New Peugeot e-2008 2020 review
We hit UK roads in the new all-electric Peugeot e-2008 to see if it will be a family favourite
The Peugeot e-2008 is a sharp-looking small SUV that, although on the pricey side, will save you hundreds if not thousands of pounds every year on your motoring. Unlike with some EVs, there’s no compromise compared with an ICE model when it comes to practicality, while it’s even better to drive thanks to its smooth torque, refinement and relatively settled ride. There’s a good level of tech and plenty of kit, which makes the e-2008 a solid first electric SUV from Peugeot that should be on many first-time EV buyers’ shortlists.
Like every automotive brand at the moment, Peugeot is pushing forwards with its electrified models, but the French manufacturer offers one of the most convincing line-ups around if you do want something with an electric motor. Peugeot’s philosophy is “Choose your car, choose your powertrain” and that’s oh so apparent with this, the new e-2008 compact SUV.
There are still petrol and diesel models available, but the letter e at the start of this model’s name signifies all-electric power. That comes courtesy of a 50kWh battery and a 134bhp electric motor. If those figures look familiar it’s because the e-2008 sits on the brand’s e-CMP architecture, which also underpins other Groupe PSA cars like the DS 3 Crossback E-Tense, Vauxhall Corsa-e and Peugeot’s very own e-208 supermini.
It’s larger than those models, which makes it heavier, so the claimed range stands at 206 miles, but with 100kW charging capability, topping up that battery doesn’t take too long – 80 per cent in 30 minutes, or seven and half hours with a 7kW home wallbox, which most owners will use for overnight charging at home. Based on an electricity price of 14.4p per kWh, a charge should cost around £6.50, so with a conservative real-world range of around 160 miles you’re looking at less than 4p per mile in energy; a petrol SUV could cost three times that.
More reviews for 2008 SUV
Car group tests
- Peugeot e-2008 vs Hyundai Kona Electric vs Kia Soul EV
- Renault Captur vs Ford Puma vs Peugeot 2008
- Mazda CX-3 vs Hyundai Kona vs Peugeot 2008
Herein lies the point of the e-2008 – but it’s not a one-trick pony, because the electric powertrain not only delivers low running costs (zero company car tax for business users in this tax year as well, don’t forget) but strong refinement. Plus, with an identical 434-litre boot to the petrol car, there’s no compromise in practicality.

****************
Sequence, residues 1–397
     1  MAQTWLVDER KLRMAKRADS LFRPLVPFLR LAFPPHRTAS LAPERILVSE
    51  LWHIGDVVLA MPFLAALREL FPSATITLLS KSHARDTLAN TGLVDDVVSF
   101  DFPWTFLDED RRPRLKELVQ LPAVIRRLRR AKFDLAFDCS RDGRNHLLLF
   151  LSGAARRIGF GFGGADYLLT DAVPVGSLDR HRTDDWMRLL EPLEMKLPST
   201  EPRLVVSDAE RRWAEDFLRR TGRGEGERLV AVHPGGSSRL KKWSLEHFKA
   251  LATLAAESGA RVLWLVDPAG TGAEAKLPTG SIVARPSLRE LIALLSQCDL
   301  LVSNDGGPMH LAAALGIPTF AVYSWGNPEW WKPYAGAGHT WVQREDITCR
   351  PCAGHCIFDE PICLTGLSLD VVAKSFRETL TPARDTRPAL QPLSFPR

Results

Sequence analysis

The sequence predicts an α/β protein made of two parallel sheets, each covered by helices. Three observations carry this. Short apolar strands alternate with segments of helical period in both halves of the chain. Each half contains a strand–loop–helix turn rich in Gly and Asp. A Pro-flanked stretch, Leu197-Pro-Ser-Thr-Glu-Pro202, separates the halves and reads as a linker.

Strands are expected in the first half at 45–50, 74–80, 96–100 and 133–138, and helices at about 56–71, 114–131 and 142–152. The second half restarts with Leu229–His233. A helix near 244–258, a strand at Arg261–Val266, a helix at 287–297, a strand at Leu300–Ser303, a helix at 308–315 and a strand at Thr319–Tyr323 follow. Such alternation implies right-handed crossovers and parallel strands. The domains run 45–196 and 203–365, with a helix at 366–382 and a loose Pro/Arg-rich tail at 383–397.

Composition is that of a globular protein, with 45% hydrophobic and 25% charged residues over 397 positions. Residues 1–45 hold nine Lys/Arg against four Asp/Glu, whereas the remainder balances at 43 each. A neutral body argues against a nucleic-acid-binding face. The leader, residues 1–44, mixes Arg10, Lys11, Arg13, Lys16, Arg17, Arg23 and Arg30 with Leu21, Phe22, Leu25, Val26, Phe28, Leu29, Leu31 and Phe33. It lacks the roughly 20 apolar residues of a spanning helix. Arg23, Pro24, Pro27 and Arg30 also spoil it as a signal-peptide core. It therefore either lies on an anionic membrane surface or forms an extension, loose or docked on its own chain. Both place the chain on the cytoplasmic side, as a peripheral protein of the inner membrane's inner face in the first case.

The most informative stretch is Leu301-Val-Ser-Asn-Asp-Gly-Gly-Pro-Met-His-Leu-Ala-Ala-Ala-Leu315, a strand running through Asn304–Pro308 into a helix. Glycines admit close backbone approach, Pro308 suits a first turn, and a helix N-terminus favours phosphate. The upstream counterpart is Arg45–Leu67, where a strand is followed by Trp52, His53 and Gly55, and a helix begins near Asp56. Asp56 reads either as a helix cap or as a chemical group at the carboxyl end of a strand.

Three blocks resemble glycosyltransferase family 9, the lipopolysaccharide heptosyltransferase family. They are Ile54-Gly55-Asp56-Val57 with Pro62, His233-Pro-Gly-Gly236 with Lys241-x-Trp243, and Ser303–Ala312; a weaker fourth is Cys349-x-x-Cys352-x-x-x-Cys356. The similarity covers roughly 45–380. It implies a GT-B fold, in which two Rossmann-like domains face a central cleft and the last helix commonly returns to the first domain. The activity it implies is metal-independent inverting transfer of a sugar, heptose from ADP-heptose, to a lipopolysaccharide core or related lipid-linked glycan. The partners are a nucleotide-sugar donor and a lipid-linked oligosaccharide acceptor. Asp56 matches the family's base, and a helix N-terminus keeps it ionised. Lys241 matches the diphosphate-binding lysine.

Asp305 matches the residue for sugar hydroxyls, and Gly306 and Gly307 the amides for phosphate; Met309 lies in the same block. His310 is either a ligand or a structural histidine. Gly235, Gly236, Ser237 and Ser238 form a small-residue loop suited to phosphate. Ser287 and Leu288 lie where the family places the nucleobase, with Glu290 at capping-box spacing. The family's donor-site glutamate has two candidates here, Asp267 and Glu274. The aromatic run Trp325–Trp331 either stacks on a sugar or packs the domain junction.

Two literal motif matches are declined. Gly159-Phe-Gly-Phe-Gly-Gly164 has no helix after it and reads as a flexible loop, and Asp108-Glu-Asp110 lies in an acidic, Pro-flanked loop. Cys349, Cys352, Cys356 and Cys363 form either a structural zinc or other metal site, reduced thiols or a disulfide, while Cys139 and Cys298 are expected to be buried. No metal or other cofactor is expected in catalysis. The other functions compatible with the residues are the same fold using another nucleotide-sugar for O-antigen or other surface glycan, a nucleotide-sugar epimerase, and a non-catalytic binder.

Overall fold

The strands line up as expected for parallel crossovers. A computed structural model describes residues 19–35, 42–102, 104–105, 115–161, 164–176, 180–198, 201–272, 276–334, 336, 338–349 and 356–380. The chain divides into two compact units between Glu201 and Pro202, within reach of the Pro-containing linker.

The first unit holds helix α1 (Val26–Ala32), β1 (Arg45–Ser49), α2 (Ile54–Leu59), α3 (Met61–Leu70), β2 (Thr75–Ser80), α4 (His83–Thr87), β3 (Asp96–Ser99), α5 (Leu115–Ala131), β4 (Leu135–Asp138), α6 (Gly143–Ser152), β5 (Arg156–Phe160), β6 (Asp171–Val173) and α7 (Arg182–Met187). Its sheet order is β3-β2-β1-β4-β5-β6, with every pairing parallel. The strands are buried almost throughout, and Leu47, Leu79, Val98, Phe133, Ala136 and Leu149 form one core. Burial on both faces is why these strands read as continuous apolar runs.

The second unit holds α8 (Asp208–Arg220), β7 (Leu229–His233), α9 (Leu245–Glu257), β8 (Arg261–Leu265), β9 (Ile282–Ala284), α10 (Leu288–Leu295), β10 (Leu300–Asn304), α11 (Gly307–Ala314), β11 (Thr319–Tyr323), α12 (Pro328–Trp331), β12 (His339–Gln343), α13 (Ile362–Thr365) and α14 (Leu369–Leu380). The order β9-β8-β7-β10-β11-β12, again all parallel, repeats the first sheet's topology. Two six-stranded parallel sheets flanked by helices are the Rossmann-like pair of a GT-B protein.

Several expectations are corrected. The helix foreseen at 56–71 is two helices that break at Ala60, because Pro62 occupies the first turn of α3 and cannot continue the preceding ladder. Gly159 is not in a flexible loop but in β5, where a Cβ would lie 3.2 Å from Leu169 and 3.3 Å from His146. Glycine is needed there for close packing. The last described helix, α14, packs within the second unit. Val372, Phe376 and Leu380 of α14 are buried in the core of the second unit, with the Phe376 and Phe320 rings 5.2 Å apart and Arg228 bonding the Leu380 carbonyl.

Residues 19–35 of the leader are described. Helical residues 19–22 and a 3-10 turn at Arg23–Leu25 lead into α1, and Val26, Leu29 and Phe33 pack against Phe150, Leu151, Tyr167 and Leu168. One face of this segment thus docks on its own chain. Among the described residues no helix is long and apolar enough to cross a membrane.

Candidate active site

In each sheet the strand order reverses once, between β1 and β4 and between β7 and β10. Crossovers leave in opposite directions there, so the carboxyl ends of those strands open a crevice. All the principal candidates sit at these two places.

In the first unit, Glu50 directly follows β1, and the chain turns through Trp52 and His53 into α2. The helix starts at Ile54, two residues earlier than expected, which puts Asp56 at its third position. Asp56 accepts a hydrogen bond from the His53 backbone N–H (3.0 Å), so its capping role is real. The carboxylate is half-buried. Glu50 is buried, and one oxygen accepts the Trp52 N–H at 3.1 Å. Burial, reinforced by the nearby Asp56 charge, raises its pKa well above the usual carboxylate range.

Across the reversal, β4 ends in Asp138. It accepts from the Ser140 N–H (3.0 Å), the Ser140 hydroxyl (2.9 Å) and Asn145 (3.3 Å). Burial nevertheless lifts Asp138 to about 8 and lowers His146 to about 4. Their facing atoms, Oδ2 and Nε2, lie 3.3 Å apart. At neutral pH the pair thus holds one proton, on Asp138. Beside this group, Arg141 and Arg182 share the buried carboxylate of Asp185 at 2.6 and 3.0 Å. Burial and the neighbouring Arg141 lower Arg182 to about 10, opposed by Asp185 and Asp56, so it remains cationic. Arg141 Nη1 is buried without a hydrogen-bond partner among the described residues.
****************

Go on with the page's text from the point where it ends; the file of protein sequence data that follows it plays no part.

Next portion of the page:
With 300Nm of torque and just one gear, the car is pretty effortless to drive. It’s quiet when you put your foot down, surging forward with sustained shove until around 50mph, where it starts to tail off, but there’s still a good level of performance at motorway speeds. Yet at these speeds the range drops off quicker; putting the car into eco mode will help, but it softens the throttle response and reduces power.
The ride is relatively comfortable, soothing bumps and ridges fairly well. You feel these inputs, but the damping is good enough to absorb enough of what the road throws at it. Nasty bumps still send the chassis skittering, but given this is a small family SUV and not a sporty car, the ride and handling are well judged. The light steering suits the car and follows your inputs precisely enough.
There aren’t many obvious styling details that highlight the e-2008 is electric, but compared with its petrol and diesel siblings, this car has a funkier front grille and plenty of ‘e’ badges to highlight its greener method of propulsion.
Inside, it’s pretty much business as usual, which is a good thing. Peugeot’s i-Cockpit features, comprising a digital dash behind the small steering wheel and a 10-inch central touchscreen on this GT Line model. The tech works well – mostly – with decent graphics and responses that are just quick enough, while it backs this up with lots of standard features. Sat-nav, Apple CarPlay and Android Auto, wireless phone charging, a colour reversing camera and three years’ connected services are included. So, too, are front and rear parking sensors, heated seats, climate control, LED headlights with high-beam assist and lots of safety tech – important for a family vehicle. This includes AEB with cyclist and pedestrian detection and lane-keep assist.
Quality is acceptable, but then with a price of £32,915 after the £3,000 government plug-in car grant, you’d expect it to be a little better. This is the problem with small EVs at the moment, because while the e-2008 offers a usable level of range, it’s still expensive to buy. Even on monthly payments you’ll be looking at £463 per month on a three-year PCP contract limited to 8,000 miles per year, based on a £2,000 customer deposit.
However, factor in fuel savings over an ICE car (Peugeot is also offering six months free charging on the POLAR network and a home wallbox) and it starts to look sweeter given how easy the car will be to live with.
|Model:||Peugeot e-2008 GT Line|
|Price:||£32,915 (with govt grant)|
|Powertrain:||50kWh battery/one e-motor|
|Transmission:||Single-speed automatic, front-wheel drive|
|0-62mph:||8.7 seconds (est)|
|Claimed range:||206 miles|